A. Mapping the City

As evidence of perceptions about local space, maps and city views of Venice are a useful resource. According to Juergen Schulz, a map in the Middle Ages was usually a "selective stylized plan, representing the spiritual and historical face, rather than the physical appearance of a city." Further, "artistic" city representations "seem throughout the Middle Ages to have been the vehicles of abstract ideas."[1] In other words, maps and views of the period can tell us more about how the mapmakers felt about the territory than they can about exact physical detail. Maps may be seen as "thick" texts, containing much more than a simple visual representation.[2] As Denis Cosgrove has observed, mapping is both a "cognitive and conceptual activity"; mapping a space is therefore directly connected to its conceptualization.[3] Among Renaissance intellectuals, an important function of mapping was to act as "chorography," giving a pictorial impression of a locality, with little concern for exact physical accuracy. This notion, taken straight from Ptolemy's Geographia, should be borne in mind in the discussion that follows.[4]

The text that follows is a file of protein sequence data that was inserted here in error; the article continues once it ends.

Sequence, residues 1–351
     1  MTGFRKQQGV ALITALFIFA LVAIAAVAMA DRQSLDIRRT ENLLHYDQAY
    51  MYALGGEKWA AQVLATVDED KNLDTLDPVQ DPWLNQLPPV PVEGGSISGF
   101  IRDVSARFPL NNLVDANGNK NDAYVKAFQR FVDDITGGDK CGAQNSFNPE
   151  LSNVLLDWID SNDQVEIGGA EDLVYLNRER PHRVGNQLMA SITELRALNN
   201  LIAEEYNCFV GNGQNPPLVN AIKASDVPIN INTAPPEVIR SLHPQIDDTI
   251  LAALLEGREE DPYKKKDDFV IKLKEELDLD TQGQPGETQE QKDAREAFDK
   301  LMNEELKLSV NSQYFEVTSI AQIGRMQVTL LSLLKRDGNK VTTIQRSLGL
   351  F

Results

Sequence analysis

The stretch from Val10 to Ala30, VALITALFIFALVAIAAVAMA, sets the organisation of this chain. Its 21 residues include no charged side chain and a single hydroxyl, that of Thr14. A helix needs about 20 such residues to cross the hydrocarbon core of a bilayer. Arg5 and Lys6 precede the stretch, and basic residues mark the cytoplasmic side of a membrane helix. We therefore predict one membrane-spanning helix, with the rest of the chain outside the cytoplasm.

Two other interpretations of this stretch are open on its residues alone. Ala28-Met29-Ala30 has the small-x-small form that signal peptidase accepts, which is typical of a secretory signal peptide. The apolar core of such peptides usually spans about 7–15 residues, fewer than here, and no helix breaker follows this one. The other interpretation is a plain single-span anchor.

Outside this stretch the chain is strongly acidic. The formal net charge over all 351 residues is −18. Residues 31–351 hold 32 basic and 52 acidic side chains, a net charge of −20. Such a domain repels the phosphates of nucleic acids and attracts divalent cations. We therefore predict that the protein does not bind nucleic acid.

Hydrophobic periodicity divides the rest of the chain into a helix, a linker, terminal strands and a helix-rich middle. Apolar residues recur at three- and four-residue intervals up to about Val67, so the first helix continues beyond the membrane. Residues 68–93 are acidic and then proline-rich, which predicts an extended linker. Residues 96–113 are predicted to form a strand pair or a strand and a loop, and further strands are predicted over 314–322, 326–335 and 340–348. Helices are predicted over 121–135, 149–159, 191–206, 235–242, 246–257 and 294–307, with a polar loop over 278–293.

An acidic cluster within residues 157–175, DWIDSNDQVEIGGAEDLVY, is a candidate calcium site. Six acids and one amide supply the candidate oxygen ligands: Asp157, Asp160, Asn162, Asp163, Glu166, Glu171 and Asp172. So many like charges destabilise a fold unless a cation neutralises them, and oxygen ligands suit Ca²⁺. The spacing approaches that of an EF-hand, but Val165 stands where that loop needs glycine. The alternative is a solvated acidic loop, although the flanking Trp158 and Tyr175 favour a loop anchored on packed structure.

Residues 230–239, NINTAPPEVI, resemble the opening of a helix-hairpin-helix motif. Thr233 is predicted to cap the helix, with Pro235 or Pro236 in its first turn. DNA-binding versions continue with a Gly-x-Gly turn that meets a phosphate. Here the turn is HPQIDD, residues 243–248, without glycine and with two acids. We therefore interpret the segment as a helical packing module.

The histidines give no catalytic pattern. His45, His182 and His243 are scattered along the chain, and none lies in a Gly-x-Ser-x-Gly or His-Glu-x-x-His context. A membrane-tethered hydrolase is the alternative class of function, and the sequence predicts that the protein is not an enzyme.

Fifteenth- and sixteenth-century Venice was the center of a map-making culture. It was also home to a map-reading and map-using culture. The obvious map users were sailors and navigators, but there were other groups who were more or less intimately involved with maps. The cartographically literate included many members of the patrician and governing classes, city employees, merchants, and humanists and other intellectuals. Maps of Venice and the surrounding territories abounded, some published in books about the city, but others created specifically as means of organizing information for those branches of government concerned with the fabric of the city and the lagoon.